Tuesday, July 20, 2010


Ah, so this is Asia. My proper introduction then, came - as it should - on a bus. Arrived at Jakarta airport utterly spaced after forgoing a night's sleep at KL airport. Getting the airport bus to the bus station was the easy part, it was just after that things started to get a little frazzled. My bus to Cianjur (the ’c’ pronounced like ’ch’) was leaving from Kampung Rambutan station and getting off the bus felt a little like being fed to the lions and sure enough there was a pride waiting for me when I disembarked. A flurry of questions ensued - 'Where do you go mister?' 'You come my bus!' (granted that was more of a statement of intent) etc etc.
Quickly found the Cianjur bus by myself (it's difficult giving a tout the impression that you know where you're going when you're glancing haplessly at each bus and you're gripping your copy of the Lonely Planet in your hand) and found my way to the back seats where there was at the least the promise of some leg room. No sooner had I sat down than Phase II of the attack commenced. 6 hawkers clearly sensing fresh meat made their way towards me plying their wares. Not only was I not hungry, I didn't have much of an idea what it was they were selling. I shook my head firmly, they got the hint, had a conversation probably along the lines of "tightarse fucking bulé (foreigner)" right in front of me and sodded off. Once the engine of the bus was up and running I assumed that we were about to hit the open road, but no. It took us half an hour to leave the station itself - buses tend to wait until every seat is taken as so timetables are an arbitrary thing but it gave a phenomenal stream hawkers free rein to sell, sell, sell. Then came the buskers. Three groups - I could have sworn I saw Glen Hansard - each of them a guitar/vocal combo (there was a trio, the third member clapping sheepishly out of rhythm with the guitar- the fifth Beatle, I thought). Well, if crime doesn't pay, then neither does busking in Java as each successive group sidled off, near empty cap in hand ready to jump the next bus out of the station.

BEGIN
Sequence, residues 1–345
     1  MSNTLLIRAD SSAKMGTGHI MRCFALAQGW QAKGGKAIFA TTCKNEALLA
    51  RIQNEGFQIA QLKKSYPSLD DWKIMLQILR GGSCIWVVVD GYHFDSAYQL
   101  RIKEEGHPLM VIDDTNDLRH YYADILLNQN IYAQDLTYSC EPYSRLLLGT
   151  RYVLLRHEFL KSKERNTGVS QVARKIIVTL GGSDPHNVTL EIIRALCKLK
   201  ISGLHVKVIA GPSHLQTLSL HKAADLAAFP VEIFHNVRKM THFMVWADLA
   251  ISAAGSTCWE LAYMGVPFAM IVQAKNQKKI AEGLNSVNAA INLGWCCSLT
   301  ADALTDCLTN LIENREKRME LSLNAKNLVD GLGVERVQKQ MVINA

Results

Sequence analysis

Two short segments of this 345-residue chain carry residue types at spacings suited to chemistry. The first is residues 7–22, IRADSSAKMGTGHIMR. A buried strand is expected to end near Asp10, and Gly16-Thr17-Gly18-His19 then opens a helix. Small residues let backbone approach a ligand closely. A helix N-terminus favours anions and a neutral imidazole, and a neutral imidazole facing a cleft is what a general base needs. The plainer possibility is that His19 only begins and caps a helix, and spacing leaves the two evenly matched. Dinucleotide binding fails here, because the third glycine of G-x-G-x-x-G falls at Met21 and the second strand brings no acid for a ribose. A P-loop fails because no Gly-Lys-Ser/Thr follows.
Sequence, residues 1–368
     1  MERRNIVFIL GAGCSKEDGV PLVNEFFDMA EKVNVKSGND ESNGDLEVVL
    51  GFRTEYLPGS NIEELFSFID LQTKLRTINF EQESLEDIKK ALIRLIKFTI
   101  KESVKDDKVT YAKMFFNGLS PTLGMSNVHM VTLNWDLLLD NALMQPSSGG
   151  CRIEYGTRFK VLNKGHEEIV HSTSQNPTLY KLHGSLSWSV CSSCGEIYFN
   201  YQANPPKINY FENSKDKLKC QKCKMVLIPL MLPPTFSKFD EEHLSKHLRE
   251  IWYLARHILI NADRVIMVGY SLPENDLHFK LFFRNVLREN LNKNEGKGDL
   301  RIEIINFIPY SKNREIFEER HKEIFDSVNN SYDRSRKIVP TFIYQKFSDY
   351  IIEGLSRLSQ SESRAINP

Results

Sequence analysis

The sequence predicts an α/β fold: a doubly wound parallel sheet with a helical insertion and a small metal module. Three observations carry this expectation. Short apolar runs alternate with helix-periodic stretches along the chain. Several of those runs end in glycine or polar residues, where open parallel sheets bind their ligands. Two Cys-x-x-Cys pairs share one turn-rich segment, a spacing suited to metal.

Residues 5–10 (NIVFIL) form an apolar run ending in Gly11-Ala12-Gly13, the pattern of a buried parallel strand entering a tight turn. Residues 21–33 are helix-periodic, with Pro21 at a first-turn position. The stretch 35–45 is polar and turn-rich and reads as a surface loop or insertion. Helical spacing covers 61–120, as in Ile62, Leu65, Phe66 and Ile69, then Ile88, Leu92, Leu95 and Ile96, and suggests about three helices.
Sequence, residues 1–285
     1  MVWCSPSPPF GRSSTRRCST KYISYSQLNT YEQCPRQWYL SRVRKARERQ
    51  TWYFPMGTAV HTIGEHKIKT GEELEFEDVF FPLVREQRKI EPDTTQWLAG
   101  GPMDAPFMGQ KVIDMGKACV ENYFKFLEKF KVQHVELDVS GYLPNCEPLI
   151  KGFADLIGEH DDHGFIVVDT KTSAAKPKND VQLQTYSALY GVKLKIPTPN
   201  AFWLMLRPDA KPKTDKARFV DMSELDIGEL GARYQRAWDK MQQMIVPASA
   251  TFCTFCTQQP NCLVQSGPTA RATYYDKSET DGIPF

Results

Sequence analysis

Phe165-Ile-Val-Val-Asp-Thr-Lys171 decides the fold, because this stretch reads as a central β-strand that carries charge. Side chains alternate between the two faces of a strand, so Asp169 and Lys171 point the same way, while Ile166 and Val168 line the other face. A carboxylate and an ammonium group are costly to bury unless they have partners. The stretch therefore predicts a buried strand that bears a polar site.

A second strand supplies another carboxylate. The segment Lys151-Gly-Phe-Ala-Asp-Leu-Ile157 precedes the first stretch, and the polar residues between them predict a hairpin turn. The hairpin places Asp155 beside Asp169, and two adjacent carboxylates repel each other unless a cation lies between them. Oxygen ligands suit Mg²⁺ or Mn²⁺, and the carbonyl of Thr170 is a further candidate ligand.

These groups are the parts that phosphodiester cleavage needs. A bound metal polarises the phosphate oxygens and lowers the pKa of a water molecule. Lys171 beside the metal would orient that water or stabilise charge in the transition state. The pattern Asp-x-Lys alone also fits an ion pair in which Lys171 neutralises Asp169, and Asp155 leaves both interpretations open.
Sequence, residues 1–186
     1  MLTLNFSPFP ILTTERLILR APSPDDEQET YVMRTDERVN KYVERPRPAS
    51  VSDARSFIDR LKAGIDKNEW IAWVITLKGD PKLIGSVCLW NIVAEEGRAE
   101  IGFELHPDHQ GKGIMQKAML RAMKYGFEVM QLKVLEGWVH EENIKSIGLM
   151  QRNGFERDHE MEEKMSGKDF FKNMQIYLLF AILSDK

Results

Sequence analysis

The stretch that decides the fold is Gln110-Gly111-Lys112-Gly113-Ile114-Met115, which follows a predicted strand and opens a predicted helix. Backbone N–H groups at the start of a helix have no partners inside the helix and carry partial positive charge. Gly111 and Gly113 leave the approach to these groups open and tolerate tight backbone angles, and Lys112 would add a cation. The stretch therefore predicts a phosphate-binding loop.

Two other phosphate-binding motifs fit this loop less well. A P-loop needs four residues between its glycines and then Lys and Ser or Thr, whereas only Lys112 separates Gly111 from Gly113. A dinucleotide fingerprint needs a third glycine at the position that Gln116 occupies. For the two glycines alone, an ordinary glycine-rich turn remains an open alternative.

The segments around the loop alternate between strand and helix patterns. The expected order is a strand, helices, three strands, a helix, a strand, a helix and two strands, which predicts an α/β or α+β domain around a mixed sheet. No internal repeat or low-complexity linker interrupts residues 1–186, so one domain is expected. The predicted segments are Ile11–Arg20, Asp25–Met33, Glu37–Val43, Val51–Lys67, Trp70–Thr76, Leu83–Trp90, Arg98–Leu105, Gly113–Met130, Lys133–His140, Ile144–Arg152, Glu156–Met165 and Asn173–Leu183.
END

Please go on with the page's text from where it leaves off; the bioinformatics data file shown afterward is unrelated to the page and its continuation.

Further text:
The bus itself was 'ekonomi' which basically meant no air-con and - a la Ryanair - designed to fit as many bodies into as small a space as possible. The back door which I had foolishly sat myself beside rarely closed as it picked up and deposited both passengers and the unrelenting stream of hawkers ready to pounce whenever the bus slowed, which was frequently. The drive itself was beautiful as we climbed out of Jakarta through the hills outside the city. In the three and a half hours it took to bring us to Cianjur, there was scarcely a patch at the side of the road that was unmanned by a food stall or mini-market selling the freshest fruit. Stalls selling teeming heaps of unrecognisable snacks, local specialities and - bizarrely - baseball caps proclaiming 'I LOVE PERSIA'. It’s up there on my most wanted list now along with a Nick Cave doll.

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